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An East German in the Wilderness

Monday, April 8th, 2024: Hikes, Holt, Mogollon Mountains, Southwest New Mexico.

I woke on Sunday not knowing where I would go for today’s hike. I was tired of driving, but snow and runoff were still a problem in the mountains near home. I literally didn’t have any appealing choices, so I started to drive southwest toward Arizona, halfheartedly intending to try another bushwhack in cattle country.

I only made it about twenty miles, then turned back in dismay. I would just bite the bullet and do a less desirable hike nearer home, and since at this point I was getting a late start, it would be shorter than usual.

After a stop at home to review my options on the map, I set out on the highway north, toward the western crest of our high mountains. There I would find a series of options, and since driving helps me think, I would pick one enroute.

I arrived at the trailhead almost two hours later than usual, but with daylight savings time that still left me up to seven hours for hiking. I’d picked the old favorite trail that had first introduced me to our local wilderness. It involves a lot of elevation gain, but I expected deep snow at the top that would make me turn back early without getting much mileage. So be it – at this point I just needed a damn hike.

The sky was clear all around, the air was chilly, but the high was forecast to reach 60 at the mid-elevations.

You’ll notice I didn’t take many photos this time. One reason is that I know this trail so well I could almost hike it blindfolded. The other reason will become evident.

The trail starts at 6,400 feet, climbs over a ridge at 6,800 feet, then traverses down to the canyon bottom, dropping back to 6,400 feet. Then it follows the canyon upstream for a couple of miles, to the base of switchbacks which take another mile to reach the crest at 9,500 feet. The hike I’d done last Sunday, in a storm, had involved worse trail conditions and more mileage and elevation gain, but for some reason this hike felt much harder, especially the steady climb up the canyon bottom. Shortly before I reached the base of the switchbacks, I stopped to dig a lunchtime snack out of my pack, and saw a guy coming up the trail behind me.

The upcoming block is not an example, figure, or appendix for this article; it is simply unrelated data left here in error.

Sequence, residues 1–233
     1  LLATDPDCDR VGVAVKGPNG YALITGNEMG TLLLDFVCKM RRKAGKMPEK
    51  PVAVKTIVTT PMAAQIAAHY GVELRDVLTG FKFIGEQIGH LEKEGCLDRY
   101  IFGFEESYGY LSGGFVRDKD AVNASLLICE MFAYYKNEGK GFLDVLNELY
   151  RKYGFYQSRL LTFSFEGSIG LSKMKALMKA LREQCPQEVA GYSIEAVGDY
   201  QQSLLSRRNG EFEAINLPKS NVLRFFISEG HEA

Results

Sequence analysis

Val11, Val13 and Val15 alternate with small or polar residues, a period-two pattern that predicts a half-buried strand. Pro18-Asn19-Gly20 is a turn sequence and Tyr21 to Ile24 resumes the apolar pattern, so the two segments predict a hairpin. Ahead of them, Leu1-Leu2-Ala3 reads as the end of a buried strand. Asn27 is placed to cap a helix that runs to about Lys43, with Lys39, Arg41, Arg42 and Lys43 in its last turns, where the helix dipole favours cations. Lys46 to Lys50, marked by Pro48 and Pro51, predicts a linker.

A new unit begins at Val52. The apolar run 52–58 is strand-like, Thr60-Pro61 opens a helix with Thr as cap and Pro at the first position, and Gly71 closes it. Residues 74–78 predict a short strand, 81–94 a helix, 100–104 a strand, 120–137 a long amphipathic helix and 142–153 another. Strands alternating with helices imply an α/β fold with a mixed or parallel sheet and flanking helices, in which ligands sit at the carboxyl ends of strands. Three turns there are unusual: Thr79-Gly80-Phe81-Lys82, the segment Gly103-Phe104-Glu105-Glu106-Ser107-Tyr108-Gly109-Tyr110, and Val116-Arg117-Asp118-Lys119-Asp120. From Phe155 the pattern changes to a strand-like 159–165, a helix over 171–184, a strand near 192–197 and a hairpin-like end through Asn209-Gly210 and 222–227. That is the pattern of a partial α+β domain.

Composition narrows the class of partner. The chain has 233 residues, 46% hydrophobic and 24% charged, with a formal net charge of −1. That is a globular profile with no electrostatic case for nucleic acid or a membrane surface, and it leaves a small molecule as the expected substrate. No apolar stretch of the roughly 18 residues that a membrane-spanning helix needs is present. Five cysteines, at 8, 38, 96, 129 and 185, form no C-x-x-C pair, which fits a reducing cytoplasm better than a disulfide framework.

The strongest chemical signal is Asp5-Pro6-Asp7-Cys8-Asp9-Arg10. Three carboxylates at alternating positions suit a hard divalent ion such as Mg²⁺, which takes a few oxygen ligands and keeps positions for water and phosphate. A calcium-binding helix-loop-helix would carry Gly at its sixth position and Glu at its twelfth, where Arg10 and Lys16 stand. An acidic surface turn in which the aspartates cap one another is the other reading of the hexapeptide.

I run into other hikers on maybe one out of every five hikes in this region, which is fine with me. One of the great advantages of this region is the high ratio of mountains to people. We simply have a lot more wilderness than we have people who use it, and that enables solitude for those of us who treasure it, and a sense that we’re discovering wild habitat for ourselves.

Sometimes the hikers I meet are even more intent on solitude, and ignore me or toss off a gruff greeting as they pass. Other times they’re friendly and stop for a brief exchange of small talk.

But as soon as this hiker stopped, I could tell he welcomed my company – for whatever reason. He appeared to be in his mid-thirties and spoke with a soft German accent. I asked him how long he’d been in the area, and he said only a couple of days – he was on his way west to Arizona. He immediately announced he was vegan, and complained about the cafe in the town at the base of the mountains, where the smell of frying bacon had nauseated him as soon as he opened the door. He said he was on a goodbye tour of the U.S., returning to Germany after living here for twelve years – most recently on a horse farm in Connecticut. Then he said, “You must know about the BLM and horses?” I nodded yes, and he went on a long lament about his concern for animal welfare and the treatment of wild horses in this country.

He just kept talking, and he seemed like a really nice guy, but I wanted to finish my hike in the time I had left, and said so. I was obviously moving more slowly so he set off ahead of me.

Much later, I reached the patch of deep snow below the crest, and strapped on my gaiters. It was at least 18 inches deep, but fortunately the melting sequence had packed it hard enough that I could mostly walk across the surface. The German’s tracks had veered off-trail at some point so I figured he was bushwhacking to the peak. I avoid the peak because it’s forested and has no view – the trail takes me to a rocky outcrop with a glorious view of all the high peaks of the range.

On the way down, I had just crossed the snowy patch and unstrapped my gaiters when I noticed the German a hundred yards ahead, dropping down through the forest from the peak. I yelled at him and he came up the trail to meet me.

I asked why he was returning to Germany after so long in the U.S., and he struggled to answer. He said he was uncomfortable with the way things are going here, but admitted that politics are bad everywhere. When he’d left Germany there hadn’t even been a Neo-Nazi party, but now they represent twenty percent of the government.